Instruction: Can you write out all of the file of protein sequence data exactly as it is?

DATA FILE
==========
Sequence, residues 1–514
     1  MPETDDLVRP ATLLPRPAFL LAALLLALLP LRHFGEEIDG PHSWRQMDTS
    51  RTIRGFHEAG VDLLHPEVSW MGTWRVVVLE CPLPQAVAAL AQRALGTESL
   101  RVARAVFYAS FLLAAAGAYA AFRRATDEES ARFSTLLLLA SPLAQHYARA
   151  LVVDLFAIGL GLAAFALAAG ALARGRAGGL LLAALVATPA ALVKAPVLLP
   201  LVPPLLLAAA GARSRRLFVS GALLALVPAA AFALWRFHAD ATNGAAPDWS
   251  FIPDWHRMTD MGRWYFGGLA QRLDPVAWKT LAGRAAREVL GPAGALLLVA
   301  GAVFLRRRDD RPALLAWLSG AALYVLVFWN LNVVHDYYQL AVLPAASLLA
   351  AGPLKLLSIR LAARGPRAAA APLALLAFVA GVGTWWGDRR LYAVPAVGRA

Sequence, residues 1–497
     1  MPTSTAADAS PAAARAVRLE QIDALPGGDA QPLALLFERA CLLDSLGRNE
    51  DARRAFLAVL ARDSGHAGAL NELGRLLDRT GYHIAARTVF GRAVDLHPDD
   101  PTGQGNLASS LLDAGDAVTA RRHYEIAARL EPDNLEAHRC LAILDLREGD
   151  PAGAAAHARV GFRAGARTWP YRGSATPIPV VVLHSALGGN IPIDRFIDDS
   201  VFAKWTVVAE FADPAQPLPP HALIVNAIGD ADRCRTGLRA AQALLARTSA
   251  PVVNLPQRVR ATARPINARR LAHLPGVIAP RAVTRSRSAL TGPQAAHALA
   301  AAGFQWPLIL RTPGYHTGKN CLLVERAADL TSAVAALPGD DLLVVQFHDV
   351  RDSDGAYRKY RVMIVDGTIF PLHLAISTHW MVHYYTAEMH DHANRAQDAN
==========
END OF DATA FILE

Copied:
Sequence, residues 1–514
     1  MPETDDLVRP ATLLPRPAFL LAALLLALLP LRHFGEEIDG PHSWRQMDTS
    51  RTIRGFHEAG VDLLHPEVSW MGTWRVVVLE CPLPQAVAAL AQRALGTESL
   101  RVARAVFYAS FLLAAAGAYA AFRRATDEES ARFSTLLLLA SPLAQHYARA
   151  LVVDLFAIGL GLAAFALAAG ALARGRAGGL LLAALVATPA ALVKAPVLLP
   201  LVPPLLLAAA GARSRRLFVS GALLALVPAA AFALWRFHAD ATNGAAPDWS
   251  FIPDWHRMTD MGRWYFGGLA QRLDPVAWKT LAGRAAREVL GPAGALLLVA
   301  GAVFLRRRDD RPALLAWLSG AALYVLVFWN LNVVHDYYQL AVLPAASLLA
   351  AGPLKLLSIR LAARGPRAAA APLALLAFVA GVGTWWGDRR LYAVPAVGRA

Sequence, residues 1–497
     1  MPTSTAADAS PAAARAVRLE QIDALPGGDA QPLALLFERA CLLDSLGRNE
    51  DARRAFLAVL ARDSGHAGAL NELGRLLDRT GYHIAARTVF GRAVDLHPDD
   101  PTGQGNLASS LLDAGDAVTA RRHYEIAARL EPDNLEAHRC LAILDLREGD
   151  PAGAAAHARV GFRAGARTWP YRGSATPIPV VVLHSALGGN IPIDRFIDDS
   201  VFAKWTVVAE FADPAQPLPP HALIVNAIGD ADRCRTGLRA AQALLARTSA
   251  PVVNLPQRVR ATARPINARR LAHLPGVIAP RAVTRSRSAL TGPQAAHALA
   301  AAGFQWPLIL RTPGYHTGKN CLLVERAADL TSAVAALPGD DLLVVQFHDV
   351  RDSDGAYRKY RVMIVDGTIF PLHLAISTHW MVHYYTAEMH DHANRAQDAN